If the outcome of the November general election were based solely on the impact of the candidates' Olympics ads, John McCain would defeat Barack Obama, according to research just out from Nielsen IAG.
But fortunately for Obama, ads seen during the Games were just a small fraction of the overall exposure the candidates are receiving from numerous consumer touch points and media channels, including spot TV (where most of the estimated $800 million in presidential campaign ads will be placed), cable, print, in-person and other public relations events, direct mail, the Web and so forth.
In the Olympics, both McCain and Obama spent between $5-6 million on ads, NBC has confirmed.
And according to the analysis by Nielsen IAG, based on responses of 1,600 likely general election voters who tuned in to the Beijing Games, McCain's Olympic ads were tops in what the research firm labels "breakthrough" (essentially aided recall), candidate recall, effectiveness in communicating the basic message and intent-to-vote increase.
According to David Kaplan, svp, research and product development at Nielsen IAG (a unit of Adweek parent the Nielsen Co.), breakthrough, the primary objective of just about all ads, is driven first and foremost by creative quality. That said, Kaplan stressed that "some of the [Obama] work was successful and our data would have suggested that he continue using it."
The analysis also found that McCain's negative ad, entitled "Celebrity," was effective, although a significant minority of those polled were repulsed by it.
The research focused on four ads, two from each candidate. McCain's "Celebrity" ad, the one negative commercial in the batch, portrayed Obama as an empty-headed celebrity lacking in substantive ideas. The ad broke through by a margin of 18 percentage points higher than Obama's best scoring ad, and with a communication effectiveness rating of 90 percent, also far exceeding Obama's ads.
But there was also significant backlash for McCain from the "Celebrity" ad. While 17 percent said they had a lower opinion of Obama after seeing the ad, and 22 percent said they'd be more likely to vote for McCain, 27 percent said they'd be less likely to vote for McCain after seeing his negative ad.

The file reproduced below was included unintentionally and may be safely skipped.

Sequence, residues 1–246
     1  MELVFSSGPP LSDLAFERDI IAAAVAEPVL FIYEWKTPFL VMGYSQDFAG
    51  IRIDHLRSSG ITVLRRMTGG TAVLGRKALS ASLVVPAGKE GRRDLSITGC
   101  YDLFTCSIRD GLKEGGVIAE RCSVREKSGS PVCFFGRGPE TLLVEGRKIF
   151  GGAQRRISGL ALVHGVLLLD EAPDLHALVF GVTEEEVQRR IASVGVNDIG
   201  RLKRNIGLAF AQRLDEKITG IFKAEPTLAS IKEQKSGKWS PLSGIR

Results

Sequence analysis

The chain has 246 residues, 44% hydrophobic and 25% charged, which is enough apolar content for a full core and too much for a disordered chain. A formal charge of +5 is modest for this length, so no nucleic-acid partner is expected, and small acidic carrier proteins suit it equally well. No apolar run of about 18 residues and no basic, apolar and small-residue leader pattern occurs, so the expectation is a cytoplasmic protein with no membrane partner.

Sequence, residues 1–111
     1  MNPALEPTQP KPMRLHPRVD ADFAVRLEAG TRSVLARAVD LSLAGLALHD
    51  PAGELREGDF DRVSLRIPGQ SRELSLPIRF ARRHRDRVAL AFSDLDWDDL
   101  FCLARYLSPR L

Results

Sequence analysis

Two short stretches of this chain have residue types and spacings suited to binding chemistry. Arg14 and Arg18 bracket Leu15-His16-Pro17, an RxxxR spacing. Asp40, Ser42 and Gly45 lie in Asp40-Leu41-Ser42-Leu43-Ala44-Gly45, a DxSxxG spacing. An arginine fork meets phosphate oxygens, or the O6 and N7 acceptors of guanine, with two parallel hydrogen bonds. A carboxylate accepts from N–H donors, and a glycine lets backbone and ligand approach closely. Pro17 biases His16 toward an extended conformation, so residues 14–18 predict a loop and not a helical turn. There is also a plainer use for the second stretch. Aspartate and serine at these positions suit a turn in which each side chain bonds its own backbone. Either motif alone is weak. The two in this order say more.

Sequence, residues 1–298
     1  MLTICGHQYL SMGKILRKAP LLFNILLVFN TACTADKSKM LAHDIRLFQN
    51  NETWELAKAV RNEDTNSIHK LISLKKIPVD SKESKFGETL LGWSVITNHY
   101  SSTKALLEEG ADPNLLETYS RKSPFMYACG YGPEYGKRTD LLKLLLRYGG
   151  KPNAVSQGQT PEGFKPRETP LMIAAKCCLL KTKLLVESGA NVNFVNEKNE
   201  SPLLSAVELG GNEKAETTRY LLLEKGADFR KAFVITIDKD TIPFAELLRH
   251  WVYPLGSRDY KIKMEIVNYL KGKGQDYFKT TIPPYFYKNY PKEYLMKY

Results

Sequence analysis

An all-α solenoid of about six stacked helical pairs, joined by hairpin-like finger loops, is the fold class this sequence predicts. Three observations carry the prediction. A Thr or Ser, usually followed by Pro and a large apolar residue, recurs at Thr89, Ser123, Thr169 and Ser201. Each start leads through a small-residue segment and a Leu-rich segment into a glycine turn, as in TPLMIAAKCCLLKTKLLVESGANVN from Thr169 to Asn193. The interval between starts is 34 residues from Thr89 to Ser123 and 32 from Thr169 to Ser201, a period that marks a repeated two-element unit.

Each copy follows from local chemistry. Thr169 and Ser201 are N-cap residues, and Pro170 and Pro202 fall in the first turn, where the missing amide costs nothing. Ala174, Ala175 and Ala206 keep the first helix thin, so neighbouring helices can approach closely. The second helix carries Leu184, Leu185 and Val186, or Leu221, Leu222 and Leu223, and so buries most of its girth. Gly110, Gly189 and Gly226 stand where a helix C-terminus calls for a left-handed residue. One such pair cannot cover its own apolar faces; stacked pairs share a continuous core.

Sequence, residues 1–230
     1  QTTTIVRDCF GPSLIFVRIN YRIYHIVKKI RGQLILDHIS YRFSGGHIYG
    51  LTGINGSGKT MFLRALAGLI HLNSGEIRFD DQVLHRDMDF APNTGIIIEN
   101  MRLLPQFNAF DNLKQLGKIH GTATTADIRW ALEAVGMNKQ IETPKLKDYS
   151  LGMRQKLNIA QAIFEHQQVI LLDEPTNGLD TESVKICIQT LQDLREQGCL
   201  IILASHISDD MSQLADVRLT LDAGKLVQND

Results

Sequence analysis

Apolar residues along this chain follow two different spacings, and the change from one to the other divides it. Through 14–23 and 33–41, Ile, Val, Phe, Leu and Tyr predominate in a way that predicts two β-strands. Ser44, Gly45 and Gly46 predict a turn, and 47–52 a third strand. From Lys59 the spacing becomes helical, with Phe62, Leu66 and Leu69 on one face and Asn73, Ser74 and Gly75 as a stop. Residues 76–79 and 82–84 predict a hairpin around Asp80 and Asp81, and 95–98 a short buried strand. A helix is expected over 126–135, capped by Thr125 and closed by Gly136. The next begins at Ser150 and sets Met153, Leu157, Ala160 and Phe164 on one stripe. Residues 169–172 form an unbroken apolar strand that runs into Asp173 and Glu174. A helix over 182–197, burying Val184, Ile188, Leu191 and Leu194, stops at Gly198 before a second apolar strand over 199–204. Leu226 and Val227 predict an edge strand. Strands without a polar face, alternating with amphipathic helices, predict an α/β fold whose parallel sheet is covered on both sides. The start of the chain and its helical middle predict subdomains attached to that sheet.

"While it turned off many viewers, it wasn't enough to negate the overall gain McCain received by using the ad," said Kaplan. On average, the two McCain ads that were surveyed -- "Celebrity" and "Washington's Broken" -- had 52 percent recall among those polled, compared to 40 percent recall for Obama's two ads, "Hands That Built This Nation" and "It Begins With a Plan."
Obama scored higher points in a single key metric, likeability, although neither candidate came close to the Olympic likeability average of 58 percent. Forty-five percent of respondents said they liked Obama's ads; 33 percent said they liked McCain's. Like the Super Bowl, the ad industry sets the creative bar a lot higher for Olympic spots. And ads tend to focus on themes such as competitive spirit, sportsmanship and other uplifting Olympic ideals. On the likeability scale, it's harder for political ads to compete in that arena.
But ultimately Obama's ads couldn't overcome McCain's ads' huge lead in general recall, which translated to a net boost in intent to vote for McCain of 10 percent compared to a 7 percent lift for Obama. While 3 percent may not seem like much of an edge, "it's a meaningful difference from our perspective in terms of viewers walking away more likely to vote for McCain," said Kaplan.
The silver lining for Obama: looking at just the undecided voters in the survey the net impact was virtually the same for both McCain's and Obama's ads. McCain still had a commanding lead in breakthrough, but Obama was stronger on driving intent among viewers who remembered his advertising.